If you need to do more advanced stuff, you've got access to the model:

  column :email, as: [/e.?mail/i, "courriel"], to: ->(email, user) { user.email = email.downcase; model.super_user! if email[/@brewhouse.io\z/] }

Like very advanced stuff? We grant you access to the

column
object itself which contains the column name – quite handy if you want to support arbitrary columns.

  column :extra, as: [/extra/], to: ->(value, user, column) do
    attribute = column.name.sub(/^extra /, '')
    user[attribute] = value
  end

Note that

to:
accepts anything that responds to call and take 1, 2 or 3 arguments.
class ImportUserCSV
  include CSVImporter

model User

column :birth_date, to: DateTransformer column :renewal_date, to: DateTransformer column :next_renewal_at, to: ->(value) { Time.at(value.to_i) } end

class DateTransformer def self.call(date) Date.strptime(date, '%m/%d/%y') end end

Now, what if the user does not provide the email column? It's not worth running the import, we should just reject the CSV file right away. That's easy:

class ImportUserCSV
  include CSVImporter

model User

column :email, required: true end

import = ImportUserCSV.new(content: "name\nbob") import.valid_header? # => false import.report.status # => :invalid_header import.report.message # => "The following columns are required: 'email'"

Update or Create

You often want to find-and-update-or-create when importing a CSV file. Just provide an identifier, and we'll do the hard work for you.

class ImportUserCSV
  include CSVImporter

model User

column :email, to: ->(email) { email.downcase }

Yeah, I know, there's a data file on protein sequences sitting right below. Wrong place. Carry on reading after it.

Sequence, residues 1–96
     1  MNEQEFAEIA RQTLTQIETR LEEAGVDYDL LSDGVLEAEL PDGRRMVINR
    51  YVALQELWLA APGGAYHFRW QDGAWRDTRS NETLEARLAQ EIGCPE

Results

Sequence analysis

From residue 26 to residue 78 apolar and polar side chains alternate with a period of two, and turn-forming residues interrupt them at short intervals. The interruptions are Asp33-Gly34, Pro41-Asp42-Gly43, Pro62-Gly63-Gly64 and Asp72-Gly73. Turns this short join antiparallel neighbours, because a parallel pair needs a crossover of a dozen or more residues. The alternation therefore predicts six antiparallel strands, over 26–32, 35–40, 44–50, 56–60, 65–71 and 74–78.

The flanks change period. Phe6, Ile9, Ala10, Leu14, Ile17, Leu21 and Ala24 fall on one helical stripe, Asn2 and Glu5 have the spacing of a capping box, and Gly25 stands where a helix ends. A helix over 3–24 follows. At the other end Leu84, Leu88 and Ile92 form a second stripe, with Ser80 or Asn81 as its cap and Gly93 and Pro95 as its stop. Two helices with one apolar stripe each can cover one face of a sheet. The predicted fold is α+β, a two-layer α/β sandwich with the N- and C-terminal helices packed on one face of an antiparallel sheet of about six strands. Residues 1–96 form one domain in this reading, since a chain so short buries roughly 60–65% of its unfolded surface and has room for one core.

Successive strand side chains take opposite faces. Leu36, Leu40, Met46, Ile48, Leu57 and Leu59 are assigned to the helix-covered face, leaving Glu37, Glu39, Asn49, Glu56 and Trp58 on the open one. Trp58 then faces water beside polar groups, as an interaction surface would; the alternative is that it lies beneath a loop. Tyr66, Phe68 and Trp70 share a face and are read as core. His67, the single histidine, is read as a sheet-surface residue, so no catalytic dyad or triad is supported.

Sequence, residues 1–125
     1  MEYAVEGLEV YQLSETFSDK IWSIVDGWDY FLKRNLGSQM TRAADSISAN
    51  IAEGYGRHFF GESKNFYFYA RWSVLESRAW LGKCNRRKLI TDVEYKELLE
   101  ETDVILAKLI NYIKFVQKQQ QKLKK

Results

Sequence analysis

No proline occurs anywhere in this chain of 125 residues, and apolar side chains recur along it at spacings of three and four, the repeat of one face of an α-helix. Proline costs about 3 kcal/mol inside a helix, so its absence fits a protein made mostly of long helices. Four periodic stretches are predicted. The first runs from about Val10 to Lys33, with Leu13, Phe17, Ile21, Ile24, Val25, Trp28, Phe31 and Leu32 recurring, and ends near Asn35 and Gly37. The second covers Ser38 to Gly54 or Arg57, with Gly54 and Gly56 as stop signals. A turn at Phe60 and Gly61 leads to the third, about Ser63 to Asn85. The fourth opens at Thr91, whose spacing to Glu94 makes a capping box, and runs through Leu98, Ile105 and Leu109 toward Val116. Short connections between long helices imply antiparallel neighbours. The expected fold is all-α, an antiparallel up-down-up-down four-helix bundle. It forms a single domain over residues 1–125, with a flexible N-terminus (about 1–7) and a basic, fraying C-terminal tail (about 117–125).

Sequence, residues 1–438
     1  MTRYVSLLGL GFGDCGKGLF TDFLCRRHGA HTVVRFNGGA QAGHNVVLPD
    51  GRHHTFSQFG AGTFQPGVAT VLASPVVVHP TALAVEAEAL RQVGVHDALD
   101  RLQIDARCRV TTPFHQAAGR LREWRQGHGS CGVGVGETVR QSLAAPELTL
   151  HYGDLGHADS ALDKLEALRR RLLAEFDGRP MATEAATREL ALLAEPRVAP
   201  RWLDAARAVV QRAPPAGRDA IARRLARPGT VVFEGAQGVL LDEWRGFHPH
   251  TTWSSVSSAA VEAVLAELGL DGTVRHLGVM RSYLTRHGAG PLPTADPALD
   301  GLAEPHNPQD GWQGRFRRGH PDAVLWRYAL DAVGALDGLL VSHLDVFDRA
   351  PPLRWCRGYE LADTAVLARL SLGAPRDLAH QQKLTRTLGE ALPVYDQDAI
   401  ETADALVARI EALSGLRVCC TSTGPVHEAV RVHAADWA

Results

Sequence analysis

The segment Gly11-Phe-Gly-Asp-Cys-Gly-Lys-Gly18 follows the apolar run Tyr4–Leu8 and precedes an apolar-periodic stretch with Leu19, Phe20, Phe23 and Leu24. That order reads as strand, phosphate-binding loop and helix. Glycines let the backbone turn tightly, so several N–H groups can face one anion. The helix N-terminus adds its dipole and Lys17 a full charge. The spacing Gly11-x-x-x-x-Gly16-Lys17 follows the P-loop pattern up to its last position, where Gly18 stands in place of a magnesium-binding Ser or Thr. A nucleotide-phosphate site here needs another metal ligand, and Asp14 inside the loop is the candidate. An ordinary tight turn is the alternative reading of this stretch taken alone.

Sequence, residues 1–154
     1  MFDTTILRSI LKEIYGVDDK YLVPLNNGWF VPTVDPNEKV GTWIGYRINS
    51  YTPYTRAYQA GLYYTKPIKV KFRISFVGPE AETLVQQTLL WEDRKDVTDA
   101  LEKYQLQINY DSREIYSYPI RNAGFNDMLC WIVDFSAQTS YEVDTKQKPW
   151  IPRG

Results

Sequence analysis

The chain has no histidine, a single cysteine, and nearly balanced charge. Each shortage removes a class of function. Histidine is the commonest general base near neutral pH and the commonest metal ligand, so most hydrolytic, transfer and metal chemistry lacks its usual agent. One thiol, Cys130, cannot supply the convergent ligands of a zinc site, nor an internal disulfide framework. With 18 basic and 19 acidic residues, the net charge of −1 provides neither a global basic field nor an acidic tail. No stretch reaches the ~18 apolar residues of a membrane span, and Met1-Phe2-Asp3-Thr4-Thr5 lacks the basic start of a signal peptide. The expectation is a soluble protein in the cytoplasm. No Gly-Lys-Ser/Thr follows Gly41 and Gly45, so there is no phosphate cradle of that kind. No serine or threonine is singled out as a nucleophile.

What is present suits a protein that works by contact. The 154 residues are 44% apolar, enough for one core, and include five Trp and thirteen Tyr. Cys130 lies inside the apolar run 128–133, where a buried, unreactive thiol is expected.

identifier :email end

And yes, we'll look for an existing record using the downcased email. :)

You can also define a composite identifier:

  # Update records with matching company_id AND employee_id
  identifier :company_id, :employee_id

Or a Proc:

  # Update records with email if email is present
  # Update records matching company_id AND employee_id if email is not present
  identifier ->(user) { user.email.empty? ? [:company_id, :employee_id] : :email }

Skip or Abort on error

By default, we skip invalid records and report errors back to the user. There are times where you want your import to be an all or nothing. The

when_invalid
option is here for you.
class ImportUserCSV
  include CSVImporter

model User

column :email, to: ->(email) { email.downcase }

when_invalid :abort end

import = ImportUserCSV.new(content: "email\[email protected]\nINVALID_EMAIL") import.valid_header? # => true import.run! import.report.success? # => false import.report.status # => :aborted import.report.message # => "Import aborted"

You are now done defining your importer, let's run it!

Import from a file, path or string

You can import from a file, path or just the CSV content. Please note that we currently load the entire file in memory. Feel free to contribute if you need to support CSV files with millions of lines! :)

import = ImportUserCSV.new(file: my_file)
import = ImportUserCSV.new(path: "tmp/new_users.csv")
import = ImportUserCSV.new(content: "email,name\[email protected],bob")

Overwrite configuration at runtime

It is often needed to change the configuration at runtime, that's quite easy:

team = Team.find(1)
import = ImportUserCSV.new(file: my_file) do
  model team.users
end

after_build
and
after_save
callbacks